Colorful Crimson History Began with Off-Color Magenta...

Continual Process of Change Marks History of 73-Year-Old Crimson; Once Appeared as Bi-Weekly Literary Mag; Still Cambridge's Only Breakfast Table Daily

President Wrote Editorials

Where now the normal full board provides for 50 editors including executives, and news, editorial, business, and photographic editors, the first Crimson boards consisted of a total of twelve editors, six from each Junior and Senior class. The present organization began to emerge as the paper became a daily, but still only the managing editor and his assistants were allowed to "put the paper to bed" and the president was supposed to write all the editorials.

But in 1907, the president appointed a committee, first just to do research for his editorials, but eventually to become the editorial board. Editorial scope only slowly transcended the bounds of the Yard, since the editors took (and continue to take) pride in the fact that reforms and improvements advocated on the Crimson's Page Two have so often been undertaken by the University administration.

War Stimulated Broad Thinking

War brought Page Two writers out of their shells. A generally neutral attitude toward the European conflagration during the first half of 1915 evolved into an ardent "preparedness" stand when the next board took office. Pro-Allied feeling grew in a crescendo up to the eve of United States involvement when the Crimson refused to print any more "Communications" from pacifists.


Meantime, wanderings from place to place in search of a suitable permanent home ceased when the November 20, 1915 issue was able to run its permanent address as 14 Plympton Street. Negotiations for a building fund and plans had been carried on since 1912, and a mortgage enabled the editors to break ground for their own home in the spring of 1915.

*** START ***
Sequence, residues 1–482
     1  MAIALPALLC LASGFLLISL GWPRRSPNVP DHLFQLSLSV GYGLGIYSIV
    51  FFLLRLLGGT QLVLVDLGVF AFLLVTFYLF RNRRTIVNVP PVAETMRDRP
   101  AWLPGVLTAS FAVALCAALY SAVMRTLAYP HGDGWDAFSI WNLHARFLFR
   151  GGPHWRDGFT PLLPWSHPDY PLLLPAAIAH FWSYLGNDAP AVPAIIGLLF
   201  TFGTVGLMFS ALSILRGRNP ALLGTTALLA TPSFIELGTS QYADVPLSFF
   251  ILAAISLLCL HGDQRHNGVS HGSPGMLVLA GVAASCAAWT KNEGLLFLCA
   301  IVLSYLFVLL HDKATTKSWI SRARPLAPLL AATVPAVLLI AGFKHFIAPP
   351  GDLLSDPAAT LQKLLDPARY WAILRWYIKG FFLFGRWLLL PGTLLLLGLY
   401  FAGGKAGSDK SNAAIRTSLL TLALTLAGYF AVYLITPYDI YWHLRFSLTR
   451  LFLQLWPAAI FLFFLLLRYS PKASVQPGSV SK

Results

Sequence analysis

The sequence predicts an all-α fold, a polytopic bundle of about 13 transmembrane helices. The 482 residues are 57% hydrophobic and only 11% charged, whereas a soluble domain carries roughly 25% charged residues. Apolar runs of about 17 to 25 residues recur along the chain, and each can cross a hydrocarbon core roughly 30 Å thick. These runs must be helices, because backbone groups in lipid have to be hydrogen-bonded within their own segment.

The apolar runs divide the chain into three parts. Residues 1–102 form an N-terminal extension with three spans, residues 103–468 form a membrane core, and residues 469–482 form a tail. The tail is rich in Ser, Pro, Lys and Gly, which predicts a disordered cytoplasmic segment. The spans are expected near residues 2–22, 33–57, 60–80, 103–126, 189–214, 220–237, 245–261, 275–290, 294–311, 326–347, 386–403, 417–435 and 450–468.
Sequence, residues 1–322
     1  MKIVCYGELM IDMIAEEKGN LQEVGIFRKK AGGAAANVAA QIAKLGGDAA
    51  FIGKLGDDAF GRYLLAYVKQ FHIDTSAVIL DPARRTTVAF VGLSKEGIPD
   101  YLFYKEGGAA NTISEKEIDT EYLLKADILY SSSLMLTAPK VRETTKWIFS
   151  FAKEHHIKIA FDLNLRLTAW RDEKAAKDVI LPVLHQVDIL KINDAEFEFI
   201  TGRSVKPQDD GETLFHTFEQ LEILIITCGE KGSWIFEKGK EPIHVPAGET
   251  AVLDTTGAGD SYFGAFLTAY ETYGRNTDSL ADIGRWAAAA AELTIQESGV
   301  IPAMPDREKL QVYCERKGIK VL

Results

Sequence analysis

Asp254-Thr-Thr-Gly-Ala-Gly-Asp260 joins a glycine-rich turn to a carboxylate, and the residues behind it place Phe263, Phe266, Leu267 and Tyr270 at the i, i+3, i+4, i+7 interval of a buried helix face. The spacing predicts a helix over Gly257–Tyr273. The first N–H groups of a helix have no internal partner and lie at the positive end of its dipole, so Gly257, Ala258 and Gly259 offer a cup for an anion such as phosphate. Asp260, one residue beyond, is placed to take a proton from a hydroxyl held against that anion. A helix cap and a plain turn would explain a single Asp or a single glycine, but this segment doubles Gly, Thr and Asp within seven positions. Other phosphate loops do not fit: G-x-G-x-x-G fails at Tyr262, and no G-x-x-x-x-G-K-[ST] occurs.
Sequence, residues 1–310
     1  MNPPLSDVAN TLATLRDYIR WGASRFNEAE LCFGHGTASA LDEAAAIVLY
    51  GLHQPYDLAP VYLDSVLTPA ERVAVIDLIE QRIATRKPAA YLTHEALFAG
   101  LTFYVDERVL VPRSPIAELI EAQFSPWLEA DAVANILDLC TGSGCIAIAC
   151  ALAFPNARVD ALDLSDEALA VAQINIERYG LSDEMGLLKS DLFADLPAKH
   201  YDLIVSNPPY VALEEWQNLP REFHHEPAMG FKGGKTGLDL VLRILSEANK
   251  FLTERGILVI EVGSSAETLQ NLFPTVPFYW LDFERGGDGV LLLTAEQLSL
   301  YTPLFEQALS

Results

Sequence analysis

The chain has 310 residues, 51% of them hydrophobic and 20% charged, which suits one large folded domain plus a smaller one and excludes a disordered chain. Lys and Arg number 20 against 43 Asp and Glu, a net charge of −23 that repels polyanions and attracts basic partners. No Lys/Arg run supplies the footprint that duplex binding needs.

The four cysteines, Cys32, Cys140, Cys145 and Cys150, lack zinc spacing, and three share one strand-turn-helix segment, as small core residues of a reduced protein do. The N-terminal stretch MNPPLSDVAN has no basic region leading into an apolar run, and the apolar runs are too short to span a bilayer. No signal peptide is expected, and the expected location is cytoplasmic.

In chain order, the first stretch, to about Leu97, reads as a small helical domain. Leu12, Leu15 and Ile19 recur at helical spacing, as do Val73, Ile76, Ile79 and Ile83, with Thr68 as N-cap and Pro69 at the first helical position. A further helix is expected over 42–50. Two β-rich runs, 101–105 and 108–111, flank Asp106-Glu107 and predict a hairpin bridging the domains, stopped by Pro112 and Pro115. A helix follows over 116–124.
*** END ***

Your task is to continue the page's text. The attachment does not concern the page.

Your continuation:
Although the mortgage was slated originally to be paid off along with taxes, by rent from the Crimson Printing Company, who rented the building in back and the basement floor, and from the Alumni Bulletin, which occupied one of the front offices, part of it is still outstanding.

But the editors finally had their own "castle" a Sanctum on the second floor that could serve as a retreat from the hustling news room, as a hanquet hall for full board dinners, or as a dance floor with star litterace adjacent. Ample space was allowed in the newsroom for strewing copy paper and typewriters wherever needed, while the managing editor and editorializers were provided with isolated nooks for better concentration on their individual problems.

Building Grows Mcllow

Dusty, ancient bound volumes framed relies of old triumphs and election posters, pictures and placards of the last three quarters of a century all bedeek every wall of the building, each with its fond associations, none with much artistic direction.

In some ways, analogies may be drawn between the present transition from the four-column Service News to the five-column Crimson and the first transition to a five-column Crimson in May 1920. Both changes followed close upon the end of a war, and both were accompanied by a change in type faces.

Eight-page papers had been the rule in the "Teens thanks to the activities of "Busy" Board members who garnered advertisements from all over the country. A larger paper was called for, and the purchase of the Crimson's present flat bed press during the year 1919-20 made possible the present 12 by 18 inch page.

To focus reader attention on headlines scattered over a broader expanse of paper, the managing editor prescribed Cheltenham bold to replace the former New York Timesish condensed type. Cheltenham held sway for 20 years when it was voted to go streamlined with so called Airport. The present Board of Editors have decided to change once more by introducing the more relined Bodoni as part of the Crimson's post-war reconstruction.

Photographs made their way into the Crimson sporadically, first, usually in the form of full-length portrails of football captains and of the various athletic teams, and gradually into action pictures of sporting events and scenic shots of Harvard landmarks. In 1899, the Harvard Illustrated had been originated with rather few illustrations, but when it was revived as a twice-weekly 20 years, later, improved photographic techniques had made it popular enough to be a successful advertising medium--as long as the Booming Twenties boomed. It came in for another brief flourish in 1940, but quickly returned to oblivion.

Teletype Service Bought